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Articles of Interest » Dance Education » Dances Defined

Dances Defined

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USA Dance (National) www.usadance.org

Argentine Tango: This style of Tango originated in the streets and salons of Buenos Aires and is characterized by its passionate hold and complex leg and foot movements.

Bolero: A slow Latin dance which originated as one of two forms of Rumba (Bolero Rumba and Son Rumba), and still shares many of the same figures. Bolero differs from Rumba in its temp and style of music and movement.

Cha Cha: An exciting, syncopated Latin dance which originated in the 1950's as a slowed-down Mambo. The Cha Cha gets its name and character from its distinct repetitive foot rhythm, 1-2-3 step-step which is similar to Swing.

East Coast Swing: Also called American or Triple Step Swing due to the rhythm of the basic triple step, this dance consists of six and eight count patterns. It is a circular dance that is danced with a bounce and is very grounded and not high in the legs. This bounce requires the dancer to stay very smooth and not jump around much. East Coast Swing, derived from Lindy Hop and Jitterbug is the the base for all swing dances.

Foxtrot: A smooth dance introduced to the public in 1913 by Harry Fox, noted for being the first dance to incorporate into the rhythm a combination of Slows and Quicks. Foxtrot is characterized by smooth, walking-style movements, but can be adapted to fit a variety of musical tempi and style, or to fit onto small, crowded nightclub dance floors.

Hustle: Often associated with retro disco music, the hustle is the perfect dance for dance-beat, nightclub music including everything from pop to rap and hip hop.

Jive: The European version of the East Coast Swing, this dance uses six and eight count patterns. However, it is danced quite bouncy with very sharp foot kicks and "flicks," to faster tempo swing music and is meant for competitive style dancing.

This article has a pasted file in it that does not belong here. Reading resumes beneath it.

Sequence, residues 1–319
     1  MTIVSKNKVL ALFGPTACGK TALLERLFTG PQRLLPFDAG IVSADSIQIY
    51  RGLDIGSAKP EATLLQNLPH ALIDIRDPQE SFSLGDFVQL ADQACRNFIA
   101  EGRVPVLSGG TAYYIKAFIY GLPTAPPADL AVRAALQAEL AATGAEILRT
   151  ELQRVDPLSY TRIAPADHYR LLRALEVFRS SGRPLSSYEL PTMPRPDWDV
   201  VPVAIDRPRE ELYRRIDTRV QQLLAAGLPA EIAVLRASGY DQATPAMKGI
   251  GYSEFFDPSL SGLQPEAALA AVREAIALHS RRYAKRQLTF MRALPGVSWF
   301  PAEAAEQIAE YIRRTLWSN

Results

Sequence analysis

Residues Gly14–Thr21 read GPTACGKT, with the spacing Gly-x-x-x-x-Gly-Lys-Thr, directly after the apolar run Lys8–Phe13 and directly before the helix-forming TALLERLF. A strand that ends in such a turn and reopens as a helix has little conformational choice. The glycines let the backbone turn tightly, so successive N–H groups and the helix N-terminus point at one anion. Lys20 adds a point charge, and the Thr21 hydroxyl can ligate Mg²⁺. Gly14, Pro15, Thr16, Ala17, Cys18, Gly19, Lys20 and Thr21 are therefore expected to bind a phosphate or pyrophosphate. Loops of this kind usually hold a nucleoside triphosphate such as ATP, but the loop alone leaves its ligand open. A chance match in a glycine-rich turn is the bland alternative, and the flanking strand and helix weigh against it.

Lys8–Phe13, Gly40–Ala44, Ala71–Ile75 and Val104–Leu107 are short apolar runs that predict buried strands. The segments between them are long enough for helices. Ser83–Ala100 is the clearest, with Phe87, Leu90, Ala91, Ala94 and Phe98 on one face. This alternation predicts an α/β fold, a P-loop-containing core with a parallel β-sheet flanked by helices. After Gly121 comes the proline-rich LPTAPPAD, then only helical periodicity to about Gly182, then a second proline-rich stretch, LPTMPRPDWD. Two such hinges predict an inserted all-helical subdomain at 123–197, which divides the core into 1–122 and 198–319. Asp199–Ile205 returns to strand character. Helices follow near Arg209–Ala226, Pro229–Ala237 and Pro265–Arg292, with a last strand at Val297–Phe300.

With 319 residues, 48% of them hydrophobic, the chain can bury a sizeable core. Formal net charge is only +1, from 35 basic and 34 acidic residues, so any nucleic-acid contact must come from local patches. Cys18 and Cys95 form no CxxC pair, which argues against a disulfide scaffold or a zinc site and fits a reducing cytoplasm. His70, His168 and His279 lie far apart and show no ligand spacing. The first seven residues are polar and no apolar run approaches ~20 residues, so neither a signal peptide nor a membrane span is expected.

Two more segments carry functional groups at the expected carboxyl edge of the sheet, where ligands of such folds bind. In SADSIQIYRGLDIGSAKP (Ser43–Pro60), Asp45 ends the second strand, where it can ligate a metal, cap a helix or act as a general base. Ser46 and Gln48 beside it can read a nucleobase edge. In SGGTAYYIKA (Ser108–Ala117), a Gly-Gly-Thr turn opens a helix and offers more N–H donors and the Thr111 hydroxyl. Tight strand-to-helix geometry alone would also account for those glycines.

Mambo: A fast Latin dance, similar to Salsa, which comes from Cuba. Mambo was brought to America in the 1940's and 50's and eventually adapted as an American style ballroom dance. Most of the movements emphasize the second beat in the measure, suggestive of the Clave rhythm which is fundamental to Mambo music.

Merengue: An energetic Latin-style march which originated the Dominican Republic, which emphasizes a straight-ahead 8-count rhythm taken with Cuban Motion. Merengue is now also a subset of the modern club-style Salsa dances.

Night Club Two Step: And easy-going social dance, similar in movement to the Bossa Nova, first introduced in the 80's by Buddy Schwimmer and popular amongst the West Coast Swing crowd. Nightclub 2-step is normally danced to medium-tempo pop songs and ballads, using combinations of Slow-Quick-Quick and Quick-Quick-Slow rhythms.

Paso Doble: A dramatic French-Spanish Flamenco-style march dances in 2/4 time, with man portraying the matador in a bullfight, the lady as his cape. The character of the dance is arrogant and passionate.

Peabody: A dance developed the United States around 1920, which was created as a fast version of the Foxtrot characterized by rapid progression and frequent use of Right Outside Position and locking actions.

Quickstep: The dance began as a quick version of Foxtrot mixed with the Charleston, and musical "Jazz" influences. It is characterized by fast movement, often including a variety of hops, kicks, skips, lock steps and chassés.

Rumba: A Latin dance characterized by Cuban motion done to romantic Latin songs and music, the Rumba is a slow, sensuous, romantic dance which spotlights the lady and features much flirtation.